Before a congressional subcommittee hearing yesterday, representatives from the leading national police organizations testified on whether Congress should liberalize the ability of current and former police officers to carry concealed firearms.
The proposed legislation would amend the Law Enforcement Officers Safety Act (LEOSA) of 2004, which gave the right to designated police officers to carry a concealed firearm wherever, regardless of state or local laws. The bill would be intended to give officers the ability to protect themselves from those who may hold grudges or violent intentions from previous encounters with an officer. The House and Senate versions (H.R. 2726 and S. 376) seek to loosen the original bill's eligibility and training requirements for officers carrying a concealed weapon.
Chief Scott Knight of the International Association of Chiefs of Police told the Judiciary's subcommittee that his organization was "strongly opposed" to the LEOSA in 2004 and is opposed to the new version. He said the organization believes states and localities should have the right to determine who can carry firearms in their jurisdictions.
"Why should a police chief who has employed the most rigorous training program, a strict standard of accountability, and stringent policies be forced to permit officers who may not meet those standards to carry a concealed weapon in his or her jurisdiction?" Knight asked.
Another concern is that the new law will expand the number of current and retired officers carrying concealed weapons, while diluting the power of states and localities to determine who among those officers is qualified to carry concealed weapons.
"We believe that the proposed amendment unnecessarily expands the term 'qualified retired law enforcement officer' who can carry a concealed firearm," said Craig Webre of the National Sheriffs' Association (NSA). The NSA, an original supporter of the LEOSA, opposes the new amendments.
"At this time, we are not convinced the proposed changes being considered by this Committee are necessary, or that the potential benefits would outweigh the unintended negative consequences," he said.
The Senate version of the bill eliminates the requirement that a retired officer with the ability to carry a concealed firearm have a nonforfeitable right to a retirement benefits plan. The House version goes further, scuttling the retirement qualification altogether, changing it to a "departed" officer.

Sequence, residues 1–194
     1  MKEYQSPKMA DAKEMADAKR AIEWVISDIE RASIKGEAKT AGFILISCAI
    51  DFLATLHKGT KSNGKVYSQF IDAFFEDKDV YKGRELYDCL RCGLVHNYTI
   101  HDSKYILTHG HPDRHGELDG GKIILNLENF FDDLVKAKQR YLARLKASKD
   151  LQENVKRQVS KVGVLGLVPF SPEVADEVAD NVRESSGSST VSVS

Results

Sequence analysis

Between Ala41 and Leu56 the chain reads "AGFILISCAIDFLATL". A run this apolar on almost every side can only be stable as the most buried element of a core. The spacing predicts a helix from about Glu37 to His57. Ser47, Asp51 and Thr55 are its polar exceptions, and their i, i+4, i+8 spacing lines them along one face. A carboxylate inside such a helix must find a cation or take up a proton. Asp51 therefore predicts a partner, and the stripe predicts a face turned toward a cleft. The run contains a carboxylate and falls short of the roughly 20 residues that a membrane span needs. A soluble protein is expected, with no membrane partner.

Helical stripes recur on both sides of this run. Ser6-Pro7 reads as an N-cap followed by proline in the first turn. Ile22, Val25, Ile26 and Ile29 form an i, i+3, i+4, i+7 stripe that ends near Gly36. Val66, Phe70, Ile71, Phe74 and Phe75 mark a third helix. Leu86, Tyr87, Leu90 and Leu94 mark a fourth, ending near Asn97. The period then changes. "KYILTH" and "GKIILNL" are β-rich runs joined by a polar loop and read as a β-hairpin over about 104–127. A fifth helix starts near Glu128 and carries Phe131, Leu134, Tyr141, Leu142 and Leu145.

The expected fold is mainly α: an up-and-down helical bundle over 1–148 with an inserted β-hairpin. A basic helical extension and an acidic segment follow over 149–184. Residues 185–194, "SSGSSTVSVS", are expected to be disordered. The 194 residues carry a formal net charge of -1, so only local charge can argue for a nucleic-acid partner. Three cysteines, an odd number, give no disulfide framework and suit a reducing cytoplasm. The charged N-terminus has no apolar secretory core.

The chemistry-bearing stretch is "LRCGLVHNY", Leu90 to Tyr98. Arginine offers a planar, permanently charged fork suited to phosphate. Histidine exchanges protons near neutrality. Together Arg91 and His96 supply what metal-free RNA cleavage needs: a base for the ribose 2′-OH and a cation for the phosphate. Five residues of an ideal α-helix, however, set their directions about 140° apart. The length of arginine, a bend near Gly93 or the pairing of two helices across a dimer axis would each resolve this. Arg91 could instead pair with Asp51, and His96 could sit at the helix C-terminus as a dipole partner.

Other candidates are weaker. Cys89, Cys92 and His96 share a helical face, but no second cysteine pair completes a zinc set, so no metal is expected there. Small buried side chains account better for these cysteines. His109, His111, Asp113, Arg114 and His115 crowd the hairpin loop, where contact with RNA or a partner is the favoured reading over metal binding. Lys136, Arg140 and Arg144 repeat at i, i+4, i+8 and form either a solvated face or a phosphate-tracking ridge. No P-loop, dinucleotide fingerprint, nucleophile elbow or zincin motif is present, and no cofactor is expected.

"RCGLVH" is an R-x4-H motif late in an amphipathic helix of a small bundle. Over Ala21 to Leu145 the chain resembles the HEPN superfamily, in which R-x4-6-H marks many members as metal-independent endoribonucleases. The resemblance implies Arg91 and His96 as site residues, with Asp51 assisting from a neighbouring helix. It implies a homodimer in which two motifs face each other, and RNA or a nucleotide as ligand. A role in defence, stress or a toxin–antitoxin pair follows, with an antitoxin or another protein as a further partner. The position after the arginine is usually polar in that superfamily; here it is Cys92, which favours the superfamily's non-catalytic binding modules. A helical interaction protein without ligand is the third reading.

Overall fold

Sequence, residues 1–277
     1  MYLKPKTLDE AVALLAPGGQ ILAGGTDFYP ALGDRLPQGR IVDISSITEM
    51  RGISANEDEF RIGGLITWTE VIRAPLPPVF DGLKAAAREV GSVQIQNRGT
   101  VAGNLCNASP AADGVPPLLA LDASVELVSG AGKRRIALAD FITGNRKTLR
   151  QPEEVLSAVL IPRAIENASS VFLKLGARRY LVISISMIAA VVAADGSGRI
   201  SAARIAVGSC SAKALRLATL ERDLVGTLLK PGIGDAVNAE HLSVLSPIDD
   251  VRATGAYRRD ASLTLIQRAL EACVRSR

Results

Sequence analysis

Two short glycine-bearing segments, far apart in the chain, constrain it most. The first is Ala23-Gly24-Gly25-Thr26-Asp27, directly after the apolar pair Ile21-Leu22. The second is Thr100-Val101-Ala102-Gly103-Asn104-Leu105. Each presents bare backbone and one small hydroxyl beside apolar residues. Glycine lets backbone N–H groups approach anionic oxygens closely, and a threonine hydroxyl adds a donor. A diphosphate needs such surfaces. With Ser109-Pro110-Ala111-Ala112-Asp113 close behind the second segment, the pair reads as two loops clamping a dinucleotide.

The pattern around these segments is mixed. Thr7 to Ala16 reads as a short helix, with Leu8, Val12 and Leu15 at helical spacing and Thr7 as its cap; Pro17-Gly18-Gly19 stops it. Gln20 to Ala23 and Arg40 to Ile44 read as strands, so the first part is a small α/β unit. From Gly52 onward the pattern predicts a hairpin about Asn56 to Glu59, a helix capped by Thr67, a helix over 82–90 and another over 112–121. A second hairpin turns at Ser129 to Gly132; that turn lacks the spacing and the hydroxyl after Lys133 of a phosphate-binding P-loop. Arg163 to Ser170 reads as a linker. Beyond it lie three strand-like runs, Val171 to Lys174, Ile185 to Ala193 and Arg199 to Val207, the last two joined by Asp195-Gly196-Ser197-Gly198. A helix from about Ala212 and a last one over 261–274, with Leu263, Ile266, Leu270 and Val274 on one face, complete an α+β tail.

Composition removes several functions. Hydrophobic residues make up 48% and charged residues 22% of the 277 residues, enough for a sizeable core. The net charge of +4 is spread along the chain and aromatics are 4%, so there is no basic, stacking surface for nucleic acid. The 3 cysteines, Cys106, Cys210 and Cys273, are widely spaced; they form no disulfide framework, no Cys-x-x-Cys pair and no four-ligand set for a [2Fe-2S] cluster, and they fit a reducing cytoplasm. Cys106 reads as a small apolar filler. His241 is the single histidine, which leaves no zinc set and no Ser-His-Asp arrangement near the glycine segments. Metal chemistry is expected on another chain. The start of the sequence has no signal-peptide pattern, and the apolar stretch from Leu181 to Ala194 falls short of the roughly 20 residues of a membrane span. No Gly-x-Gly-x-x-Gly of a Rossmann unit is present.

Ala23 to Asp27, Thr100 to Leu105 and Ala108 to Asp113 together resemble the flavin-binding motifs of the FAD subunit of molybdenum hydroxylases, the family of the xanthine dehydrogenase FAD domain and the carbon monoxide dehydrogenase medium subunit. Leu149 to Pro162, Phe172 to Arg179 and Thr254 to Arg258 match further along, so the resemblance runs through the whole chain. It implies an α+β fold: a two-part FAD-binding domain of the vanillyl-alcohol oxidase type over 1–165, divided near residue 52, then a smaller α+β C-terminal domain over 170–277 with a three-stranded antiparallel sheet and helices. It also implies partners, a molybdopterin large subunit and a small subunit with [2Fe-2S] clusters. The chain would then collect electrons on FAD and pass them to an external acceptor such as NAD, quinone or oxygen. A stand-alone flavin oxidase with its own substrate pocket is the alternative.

Knight said his organization was particularly concerned with a provision in the House version that seemingly guts the abilities of states and localities to set their own firearm standards for retired officers.
"Specifically, the provisions of Section 2 (b) would appear to mandate that, in the absense of state standards, the standards set by any police department within the state would become the de facto standard for the entire state," he said.
Thomas Penoza of the Fraternal Order of Police, a supporter of the amendments, said the House version of the bill rectifies inequities in the original bill, especially the requirement that a retired officer receive retirement benefits.
"This has been very problematic in agencies which do not offer any retirement benefit plan to their officers and has disproportionately affected deputy sheriffs," he said. "The receipt of a retirement benefit after an officer has left the service of his agency should not be determinative as to his authority to carry a firearm, so H.R. 2726 deletes this particular language."
Knight says these changes will allow officers to carry concealed weapons even if they retired or left the uniform to avoid disciplinary action or dismissal for emotional problems.